"The business of growing food in the upper Midwest may be about to significantly change.
An agreement reached last year between the U.S. and Canada may force state and federal officials to impose new limits on the amount of fertilizer that can be applied by farmers in parts of Ohio, Indiana, and Michigan. The two countries are seeking to halve the amount of nutrients, mostly from farms, that wash into Lake Erie. High levels of nutrients can cause algae blooms that contaminate the lake, an important drinking water source.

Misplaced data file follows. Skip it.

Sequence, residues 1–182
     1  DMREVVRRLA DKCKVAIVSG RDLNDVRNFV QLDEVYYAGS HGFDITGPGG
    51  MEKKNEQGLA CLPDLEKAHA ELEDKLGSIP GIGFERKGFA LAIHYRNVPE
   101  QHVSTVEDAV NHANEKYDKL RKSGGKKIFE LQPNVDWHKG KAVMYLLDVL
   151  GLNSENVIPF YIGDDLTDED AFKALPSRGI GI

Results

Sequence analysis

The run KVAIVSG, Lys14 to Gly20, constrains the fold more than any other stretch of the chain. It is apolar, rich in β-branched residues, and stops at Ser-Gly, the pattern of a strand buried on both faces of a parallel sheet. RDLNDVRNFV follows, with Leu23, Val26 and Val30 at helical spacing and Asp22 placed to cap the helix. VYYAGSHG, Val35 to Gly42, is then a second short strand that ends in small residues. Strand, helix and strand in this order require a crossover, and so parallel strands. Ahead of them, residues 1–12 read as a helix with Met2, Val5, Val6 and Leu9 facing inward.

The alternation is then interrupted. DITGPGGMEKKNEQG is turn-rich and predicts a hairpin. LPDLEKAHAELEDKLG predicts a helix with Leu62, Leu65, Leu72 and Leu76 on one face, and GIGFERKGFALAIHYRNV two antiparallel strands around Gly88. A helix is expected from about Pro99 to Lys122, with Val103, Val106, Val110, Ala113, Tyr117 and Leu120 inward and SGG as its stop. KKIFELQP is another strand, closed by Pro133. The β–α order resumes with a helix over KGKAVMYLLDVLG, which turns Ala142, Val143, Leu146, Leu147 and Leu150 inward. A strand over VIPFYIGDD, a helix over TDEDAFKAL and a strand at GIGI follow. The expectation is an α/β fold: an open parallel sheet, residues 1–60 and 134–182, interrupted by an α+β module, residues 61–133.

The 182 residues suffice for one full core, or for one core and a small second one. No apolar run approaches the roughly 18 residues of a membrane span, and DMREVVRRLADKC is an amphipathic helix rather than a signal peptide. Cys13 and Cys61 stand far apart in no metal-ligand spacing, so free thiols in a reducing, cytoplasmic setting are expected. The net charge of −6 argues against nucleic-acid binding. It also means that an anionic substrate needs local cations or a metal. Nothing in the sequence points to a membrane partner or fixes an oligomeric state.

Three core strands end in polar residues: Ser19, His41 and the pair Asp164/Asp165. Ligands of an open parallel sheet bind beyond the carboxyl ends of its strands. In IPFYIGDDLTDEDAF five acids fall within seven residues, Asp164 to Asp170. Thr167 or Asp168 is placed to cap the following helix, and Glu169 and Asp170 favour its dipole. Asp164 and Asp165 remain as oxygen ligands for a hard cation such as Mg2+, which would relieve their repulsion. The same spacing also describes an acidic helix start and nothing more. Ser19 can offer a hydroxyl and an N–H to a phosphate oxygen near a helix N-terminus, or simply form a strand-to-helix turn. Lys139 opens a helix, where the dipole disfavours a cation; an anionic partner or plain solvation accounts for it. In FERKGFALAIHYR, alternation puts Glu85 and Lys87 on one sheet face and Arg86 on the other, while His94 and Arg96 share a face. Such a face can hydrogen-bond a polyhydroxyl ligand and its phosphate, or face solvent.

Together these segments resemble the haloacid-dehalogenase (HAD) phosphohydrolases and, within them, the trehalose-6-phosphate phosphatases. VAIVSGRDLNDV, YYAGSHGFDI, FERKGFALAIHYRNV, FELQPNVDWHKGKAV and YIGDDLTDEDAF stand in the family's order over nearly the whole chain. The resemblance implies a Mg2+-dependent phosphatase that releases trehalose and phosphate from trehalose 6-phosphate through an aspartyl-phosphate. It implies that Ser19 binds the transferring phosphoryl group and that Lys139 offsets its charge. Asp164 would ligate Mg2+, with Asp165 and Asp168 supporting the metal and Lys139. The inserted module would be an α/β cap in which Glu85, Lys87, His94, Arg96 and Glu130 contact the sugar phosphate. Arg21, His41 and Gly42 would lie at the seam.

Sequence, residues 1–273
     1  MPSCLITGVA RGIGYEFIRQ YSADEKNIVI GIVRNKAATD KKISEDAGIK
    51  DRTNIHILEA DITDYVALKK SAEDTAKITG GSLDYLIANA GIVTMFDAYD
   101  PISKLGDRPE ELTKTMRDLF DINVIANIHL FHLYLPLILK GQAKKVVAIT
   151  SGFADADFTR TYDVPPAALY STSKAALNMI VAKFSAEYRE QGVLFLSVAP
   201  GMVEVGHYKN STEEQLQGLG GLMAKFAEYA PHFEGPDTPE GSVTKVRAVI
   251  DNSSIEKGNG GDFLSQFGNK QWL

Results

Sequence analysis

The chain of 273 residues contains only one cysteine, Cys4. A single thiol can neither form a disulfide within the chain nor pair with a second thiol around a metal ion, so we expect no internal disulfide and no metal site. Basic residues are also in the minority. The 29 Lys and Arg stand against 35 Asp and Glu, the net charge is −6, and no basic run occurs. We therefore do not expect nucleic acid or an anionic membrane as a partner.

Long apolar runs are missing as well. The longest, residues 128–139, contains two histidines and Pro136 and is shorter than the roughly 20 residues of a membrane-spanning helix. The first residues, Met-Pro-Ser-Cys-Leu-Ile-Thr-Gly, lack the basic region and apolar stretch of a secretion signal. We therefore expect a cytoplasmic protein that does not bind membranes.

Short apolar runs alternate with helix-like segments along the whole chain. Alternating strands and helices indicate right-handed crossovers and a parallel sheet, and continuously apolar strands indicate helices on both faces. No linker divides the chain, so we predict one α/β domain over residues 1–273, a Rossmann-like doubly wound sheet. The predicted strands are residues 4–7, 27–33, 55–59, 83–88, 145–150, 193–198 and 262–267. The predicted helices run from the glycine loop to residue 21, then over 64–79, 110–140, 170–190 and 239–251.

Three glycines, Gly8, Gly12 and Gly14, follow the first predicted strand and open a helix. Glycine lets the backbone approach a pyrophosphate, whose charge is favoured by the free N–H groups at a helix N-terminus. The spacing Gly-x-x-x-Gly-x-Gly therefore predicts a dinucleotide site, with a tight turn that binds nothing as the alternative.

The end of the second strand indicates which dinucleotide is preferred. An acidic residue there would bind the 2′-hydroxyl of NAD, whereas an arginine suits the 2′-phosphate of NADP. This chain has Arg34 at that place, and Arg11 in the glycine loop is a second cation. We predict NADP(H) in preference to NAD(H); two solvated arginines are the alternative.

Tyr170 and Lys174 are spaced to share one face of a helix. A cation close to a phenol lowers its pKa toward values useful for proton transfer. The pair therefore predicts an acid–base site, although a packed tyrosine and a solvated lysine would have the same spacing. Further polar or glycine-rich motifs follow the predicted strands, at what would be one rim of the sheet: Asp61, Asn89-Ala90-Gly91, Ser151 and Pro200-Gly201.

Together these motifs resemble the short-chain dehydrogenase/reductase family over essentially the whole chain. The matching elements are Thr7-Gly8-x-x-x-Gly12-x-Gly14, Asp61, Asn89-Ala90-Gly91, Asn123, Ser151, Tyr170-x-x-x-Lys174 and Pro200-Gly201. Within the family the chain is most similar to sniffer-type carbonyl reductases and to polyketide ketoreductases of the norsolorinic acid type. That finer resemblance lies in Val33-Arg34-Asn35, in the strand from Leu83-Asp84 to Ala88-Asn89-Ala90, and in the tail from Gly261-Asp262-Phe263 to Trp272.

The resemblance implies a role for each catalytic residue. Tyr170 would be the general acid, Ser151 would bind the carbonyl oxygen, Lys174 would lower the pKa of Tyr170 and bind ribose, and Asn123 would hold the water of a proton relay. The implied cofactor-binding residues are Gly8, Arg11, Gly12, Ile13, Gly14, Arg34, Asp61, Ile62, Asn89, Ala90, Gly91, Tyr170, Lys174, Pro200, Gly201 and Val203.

Some Lake Erie farmers have voluntarily adopted measures to reduce their fertilizer use and prevent the erosion of their topsoil. But, depending on how the binational process plays out, adopting those types of soil conservation measures may no longer become voluntary, something that deeply worries the local agriculture industry.
“Farmers are not big fans of regulation,” Joe Cornely, a spokesman with the Ohio Farm Bureau, told Bloomberg BNA. “Decisions are best made locally.”"